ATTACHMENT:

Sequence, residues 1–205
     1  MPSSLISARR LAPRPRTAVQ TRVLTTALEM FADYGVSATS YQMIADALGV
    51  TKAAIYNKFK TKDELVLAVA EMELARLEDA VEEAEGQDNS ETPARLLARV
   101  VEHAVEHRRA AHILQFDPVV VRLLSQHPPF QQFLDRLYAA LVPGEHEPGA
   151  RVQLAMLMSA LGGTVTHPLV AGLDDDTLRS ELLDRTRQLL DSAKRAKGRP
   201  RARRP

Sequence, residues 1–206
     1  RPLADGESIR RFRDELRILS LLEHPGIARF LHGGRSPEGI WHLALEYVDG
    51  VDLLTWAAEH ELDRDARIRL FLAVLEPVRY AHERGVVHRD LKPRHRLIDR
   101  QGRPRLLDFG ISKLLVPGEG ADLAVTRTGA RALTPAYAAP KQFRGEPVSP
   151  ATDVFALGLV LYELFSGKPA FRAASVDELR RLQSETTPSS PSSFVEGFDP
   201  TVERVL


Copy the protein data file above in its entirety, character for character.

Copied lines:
Sequence, residues 1–205
     1  MPSSLISARR LAPRPRTAVQ TRVLTTALEM FADYGVSATS YQMIADALGV
    51  TKAAIYNKFK TKDELVLAVA EMELARLEDA VEEAEGQDNS ETPARLLARV
   101  VEHAVEHRRA AHILQFDPVV VRLLSQHPPF QQFLDRLYAA LVPGEHEPGA
   151  RVQLAMLMSA LGGTVTHPLV AGLDDDTLRS ELLDRTRQLL DSAKRAKGRP
   201  RARRP

Sequence, residues 1–206
     1  RPLADGESIR RFRDELRILS LLEHPGIARF LHGGRSPEGI WHLALEYVDG
    51  VDLLTWAAEH ELDRDARIRL FLAVLEPVRY AHERGVVHRD LKPRHRLIDR
   101  QGRPRLLDFG ISKLLVPGEG ADLAVTRTGA RALTPAYAAP KQFRGEPVSP
   151  ATDVFALGLV LYELFSGKPA FRAASVDELR RLQSETTPSS PSSFVEGFDP
   201  TVERVL